Tony J. Costello
April 29, 1956-Aug. 25, 2013
Tony J. Costello, who in more than 30 years of coaching, teaching and mentoring inspired hundreds of collegiate and high-school basketball players to better lives, died Aug. 25, 2013, after a valiant year-long battle with cancer.
He was 57.
Tony, the men's head basketball coach at Las Positas College, and Kinesiology and physical education instructor there, was surrounded by loving family members at the time of his passing, a fitting tribute to a person who valued loyalty, commitment and family in both his life and his work. The oldest of eight children born to Joan and Tony Costello Sr. of Pleasanton, Tony carried those values through his life and made them the cornerstones of an overwhelmingly successful career.
In more than three decades as a coach, Tony influenced hundreds of young athletes to deliver superior effort, strive for greatness, and reach higher levels of performance. As a community college coach, both at Chabot College and Las Positas, he shepherded scores of players on to four-year institutions, many of them attaining the athletic scholarships that had eluded them as they left high school.
Along the way, Tony was honored multiple times as Coach of the Year, his teams winning at consistently high levels. He left Chabot with a 250-179 record in 14 seasons as head coach, then took over a newly-created Las Positas program and added 100 victories in his first six years.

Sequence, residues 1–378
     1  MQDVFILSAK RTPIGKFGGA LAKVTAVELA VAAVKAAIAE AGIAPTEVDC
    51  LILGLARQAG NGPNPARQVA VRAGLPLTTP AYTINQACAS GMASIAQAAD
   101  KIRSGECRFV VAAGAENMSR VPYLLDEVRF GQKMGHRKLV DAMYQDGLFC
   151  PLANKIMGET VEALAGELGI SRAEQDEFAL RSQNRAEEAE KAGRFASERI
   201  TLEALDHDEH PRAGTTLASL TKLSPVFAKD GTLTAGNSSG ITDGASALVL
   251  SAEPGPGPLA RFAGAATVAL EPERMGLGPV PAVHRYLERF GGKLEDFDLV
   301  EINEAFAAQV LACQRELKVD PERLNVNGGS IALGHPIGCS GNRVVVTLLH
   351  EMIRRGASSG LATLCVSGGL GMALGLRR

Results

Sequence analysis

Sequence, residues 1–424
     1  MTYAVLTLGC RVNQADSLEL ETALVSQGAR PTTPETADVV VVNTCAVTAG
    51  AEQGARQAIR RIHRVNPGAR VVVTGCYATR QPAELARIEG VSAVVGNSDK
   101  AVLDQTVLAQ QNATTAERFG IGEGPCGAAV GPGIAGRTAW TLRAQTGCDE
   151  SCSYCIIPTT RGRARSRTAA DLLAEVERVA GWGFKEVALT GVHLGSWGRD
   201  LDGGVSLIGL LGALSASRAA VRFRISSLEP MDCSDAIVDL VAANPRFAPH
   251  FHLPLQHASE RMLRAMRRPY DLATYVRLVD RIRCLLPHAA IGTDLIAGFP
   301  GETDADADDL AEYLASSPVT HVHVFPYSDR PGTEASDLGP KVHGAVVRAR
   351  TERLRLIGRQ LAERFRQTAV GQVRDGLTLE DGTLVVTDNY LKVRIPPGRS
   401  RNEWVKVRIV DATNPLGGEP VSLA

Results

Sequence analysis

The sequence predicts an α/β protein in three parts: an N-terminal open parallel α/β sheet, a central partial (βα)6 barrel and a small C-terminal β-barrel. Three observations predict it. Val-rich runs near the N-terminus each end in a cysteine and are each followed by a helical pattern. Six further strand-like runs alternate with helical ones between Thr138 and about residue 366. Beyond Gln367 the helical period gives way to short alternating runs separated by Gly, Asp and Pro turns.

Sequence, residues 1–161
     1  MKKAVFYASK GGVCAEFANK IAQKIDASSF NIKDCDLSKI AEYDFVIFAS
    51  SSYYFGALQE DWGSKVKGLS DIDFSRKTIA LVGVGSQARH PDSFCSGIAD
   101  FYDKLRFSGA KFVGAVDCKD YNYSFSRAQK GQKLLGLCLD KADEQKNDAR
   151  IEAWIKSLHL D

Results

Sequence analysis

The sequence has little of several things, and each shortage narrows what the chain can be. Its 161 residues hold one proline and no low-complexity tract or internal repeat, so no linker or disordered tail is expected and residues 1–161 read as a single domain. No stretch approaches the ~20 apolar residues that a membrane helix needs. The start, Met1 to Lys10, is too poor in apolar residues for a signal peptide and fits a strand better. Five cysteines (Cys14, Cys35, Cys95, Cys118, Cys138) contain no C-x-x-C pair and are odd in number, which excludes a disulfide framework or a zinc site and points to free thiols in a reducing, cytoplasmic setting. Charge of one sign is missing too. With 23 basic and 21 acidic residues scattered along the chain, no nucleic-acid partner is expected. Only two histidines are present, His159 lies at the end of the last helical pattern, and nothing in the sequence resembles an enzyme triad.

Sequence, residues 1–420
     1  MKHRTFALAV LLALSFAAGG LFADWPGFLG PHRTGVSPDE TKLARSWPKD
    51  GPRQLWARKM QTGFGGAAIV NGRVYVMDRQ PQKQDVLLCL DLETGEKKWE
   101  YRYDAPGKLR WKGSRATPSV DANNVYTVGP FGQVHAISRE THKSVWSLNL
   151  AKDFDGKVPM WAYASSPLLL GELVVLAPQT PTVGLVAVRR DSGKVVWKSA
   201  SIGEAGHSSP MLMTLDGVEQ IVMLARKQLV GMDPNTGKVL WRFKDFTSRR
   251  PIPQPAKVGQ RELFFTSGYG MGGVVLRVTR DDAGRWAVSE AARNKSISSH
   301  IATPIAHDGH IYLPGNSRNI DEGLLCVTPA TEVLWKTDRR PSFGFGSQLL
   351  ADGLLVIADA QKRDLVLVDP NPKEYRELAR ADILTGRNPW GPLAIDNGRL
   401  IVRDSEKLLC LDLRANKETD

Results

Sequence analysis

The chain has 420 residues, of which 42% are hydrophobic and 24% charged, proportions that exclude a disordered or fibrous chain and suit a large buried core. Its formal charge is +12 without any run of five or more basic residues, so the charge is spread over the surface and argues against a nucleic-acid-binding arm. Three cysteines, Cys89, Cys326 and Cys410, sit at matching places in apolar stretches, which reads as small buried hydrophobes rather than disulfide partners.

Tony was born in 1956 in Philadelphia, PA, and grew up in Lancaster, PA and Hagerstown, MD before moving with his family to Pleasanton in 1973, toward the end of his junior year of high school. He went on to make the Amador Valley High School varsity team as a senior, contributing to an undefeated league champion while playing for legendary Amador head coach Skip Mohatt.
Tony became a head basketball coach at age 23, taking over the program at Dublin High School (his youngest brother, Tom Costello, is currently the Dublin head coach). After a stop at Justin-Siena High in Napa, he arrived at Chabot as an assistant to another renowned head coach, Rich Botelho. Three years later, Tony succeeded Botelho at the helm of the program.
Tony’s tenure coincided with some of the most successful basketball campaigns in Chabot’s history. His teams qualified for the regional playoffs 12 times, won two conference championships, and reached the Sweet 16 of the state community-college tournament three times. Along the way, he sent dozens of players on to four-year institutions, including 15 who went from Chabot to Division I assignments and another 33 who played either at Division II or NAIA.